• “I don’t want to be anxious in my relationships,” Gayle, 32, admits. “But every guy I’ve been with has complained about how much reassurance I need on the daily. They all say it wears them out.”
  • Tim, 45 and recently divorced, confided that, “I don’t think I’m good at intimacy. I need space. I don’t like sharing my thoughts particularly and my ex-wife drove me nuts with her endless confessionals and focus on feelings 24/7. All I wanted to do was be. She called me a cold fish and maybe I am." It turns out he is the only child of a couple that divorced when he was young, and he considers himself very self-reliant.

Depending on the circumstances of the individual household, insecurely attached children adapt in different ways. Absent a reliable and stable source of caring and attunement, some people will become anxiously attached—worrying and clinging by turns, plagued by feelings of not being good enough, on the lookout for signals that things are about to go south so that they can protect themselves. Others distance themselves from the uncaring caretaker in an effort to minimize the hurt; these are the “avoidantly attached.” They can be in relationships but stay walled-off or separate in important ways; their behaviors are often confusing to their partners because even though they look as if they’re “in” the relationship, in a real sense they’re not. Large parts of them are disengaged and off-limits. They prize their independence and self-sufficiency.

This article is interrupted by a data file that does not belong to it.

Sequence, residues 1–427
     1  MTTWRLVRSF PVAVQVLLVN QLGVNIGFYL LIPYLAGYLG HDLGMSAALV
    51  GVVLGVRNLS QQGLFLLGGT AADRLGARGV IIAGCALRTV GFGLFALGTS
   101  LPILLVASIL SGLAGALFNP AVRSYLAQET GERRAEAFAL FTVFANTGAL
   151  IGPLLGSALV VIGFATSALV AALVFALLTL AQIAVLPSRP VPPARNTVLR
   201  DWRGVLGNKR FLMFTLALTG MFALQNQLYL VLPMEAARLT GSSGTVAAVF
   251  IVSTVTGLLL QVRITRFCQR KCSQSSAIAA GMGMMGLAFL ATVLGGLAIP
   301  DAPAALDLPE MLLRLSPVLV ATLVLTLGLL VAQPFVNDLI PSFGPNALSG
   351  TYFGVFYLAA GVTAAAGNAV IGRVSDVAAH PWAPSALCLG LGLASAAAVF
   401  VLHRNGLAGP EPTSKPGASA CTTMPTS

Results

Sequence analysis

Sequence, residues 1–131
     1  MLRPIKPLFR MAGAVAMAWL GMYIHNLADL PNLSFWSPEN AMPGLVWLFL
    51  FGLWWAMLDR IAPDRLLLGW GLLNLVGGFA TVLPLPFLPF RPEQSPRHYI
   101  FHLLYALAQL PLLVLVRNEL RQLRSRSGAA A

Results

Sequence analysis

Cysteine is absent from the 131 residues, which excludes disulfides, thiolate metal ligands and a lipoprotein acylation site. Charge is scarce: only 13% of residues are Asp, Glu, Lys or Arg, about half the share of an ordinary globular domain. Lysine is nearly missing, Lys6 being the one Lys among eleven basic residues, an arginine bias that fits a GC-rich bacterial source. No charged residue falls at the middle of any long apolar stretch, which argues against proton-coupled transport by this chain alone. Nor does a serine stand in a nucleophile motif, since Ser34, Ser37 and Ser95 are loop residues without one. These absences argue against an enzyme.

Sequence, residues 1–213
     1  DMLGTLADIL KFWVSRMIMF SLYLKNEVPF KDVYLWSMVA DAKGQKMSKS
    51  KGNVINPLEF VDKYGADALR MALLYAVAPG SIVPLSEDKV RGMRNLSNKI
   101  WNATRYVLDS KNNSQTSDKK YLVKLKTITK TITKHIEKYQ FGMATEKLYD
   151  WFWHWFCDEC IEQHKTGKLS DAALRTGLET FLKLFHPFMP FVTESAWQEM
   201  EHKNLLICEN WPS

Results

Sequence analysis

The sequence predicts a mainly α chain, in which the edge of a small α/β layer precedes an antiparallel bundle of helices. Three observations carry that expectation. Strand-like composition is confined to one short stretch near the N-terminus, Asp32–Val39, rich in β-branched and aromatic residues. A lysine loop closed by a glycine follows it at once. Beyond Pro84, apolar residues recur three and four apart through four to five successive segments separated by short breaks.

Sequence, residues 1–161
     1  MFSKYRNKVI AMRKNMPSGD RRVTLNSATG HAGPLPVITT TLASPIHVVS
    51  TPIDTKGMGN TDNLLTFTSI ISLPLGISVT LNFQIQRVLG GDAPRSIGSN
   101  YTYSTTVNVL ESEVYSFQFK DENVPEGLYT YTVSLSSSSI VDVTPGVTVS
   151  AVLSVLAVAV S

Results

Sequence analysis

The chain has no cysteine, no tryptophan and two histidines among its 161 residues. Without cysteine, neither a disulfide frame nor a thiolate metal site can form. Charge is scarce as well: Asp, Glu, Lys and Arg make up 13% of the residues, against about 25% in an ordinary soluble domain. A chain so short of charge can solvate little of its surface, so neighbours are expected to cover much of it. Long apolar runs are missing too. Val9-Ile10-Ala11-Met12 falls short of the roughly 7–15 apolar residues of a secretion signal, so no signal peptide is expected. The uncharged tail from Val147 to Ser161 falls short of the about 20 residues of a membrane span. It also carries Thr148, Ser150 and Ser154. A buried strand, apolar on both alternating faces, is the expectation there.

Keep in mind that these categories—anxious and avoidant—are broadly drawn and that humans are more nuanced and complicated than the labels might suggest. It’s entirely possible for someone to be clingy and needy in close relationships and relatively self-sufficient and successful in career endeavors. Similarly, an avoidant in intimate settings may do well in others that don’t make the same demands on him or her, or wake the sleeping dogs of childhood, such as work environments.